The New York Times reports that Democratic elites, caught off guard by the outpouring of fury from their base in the wake of Trump’s inauguration, are losing the ability to set their party’s agenda:
Reduced to their weakest state in a generation, Democratic Party leaders will gather in two cities this weekend to plot strategy and select a new national chairman with the daunting task of rebuilding the party’s depleted organization. But senior Democratic officials concede that the blueprint has already been chosen for them — by an incensed army of liberals demanding no less than total war against President Trump.
In other words, the Democratic leadership is now in thrall to the same dynamics that consumed the Republican Party early in President Obama’s first term: An explosion of grassroots energy, aversion to compromise of any kind, and escalating mistrust of a party establishment they perceive as impotent and corrupt.
And as with the grievances of the Tea Party movement, the sense of suspicion of leadership among the Democratic rank-and-file is not unfounded. After all, they were just led to the most spectacular defeat in decades by an establishment candidate with an extensive political machine employing the best experts and consultants liberalism has to offer.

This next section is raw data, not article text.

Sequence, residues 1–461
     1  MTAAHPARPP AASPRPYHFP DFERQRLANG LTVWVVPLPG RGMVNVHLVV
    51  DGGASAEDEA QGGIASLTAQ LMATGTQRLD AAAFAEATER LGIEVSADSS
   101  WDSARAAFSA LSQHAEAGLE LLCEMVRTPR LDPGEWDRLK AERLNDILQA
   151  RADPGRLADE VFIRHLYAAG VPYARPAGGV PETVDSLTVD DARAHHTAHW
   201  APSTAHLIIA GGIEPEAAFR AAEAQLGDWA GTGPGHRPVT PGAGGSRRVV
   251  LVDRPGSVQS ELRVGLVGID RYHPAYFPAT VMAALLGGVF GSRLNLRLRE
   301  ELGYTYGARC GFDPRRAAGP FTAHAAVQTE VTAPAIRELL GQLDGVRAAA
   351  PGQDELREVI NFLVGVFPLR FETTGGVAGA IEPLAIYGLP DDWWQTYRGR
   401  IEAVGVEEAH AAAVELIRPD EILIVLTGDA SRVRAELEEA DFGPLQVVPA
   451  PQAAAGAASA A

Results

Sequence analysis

But the collapse of authority of the Republican establishment did not necessarily lead the country in a productive or healthy direction. It led to six years of scorched earth opposition rather than policy innovation, and then, of course, to the nomination of Donald Trump. So perhaps the long-term questions for the Democrats is this: After waging all-out war on Donald Trump for four (or eight) years, will they nominate Meryl Streep, Kanye West, or Michael Moore?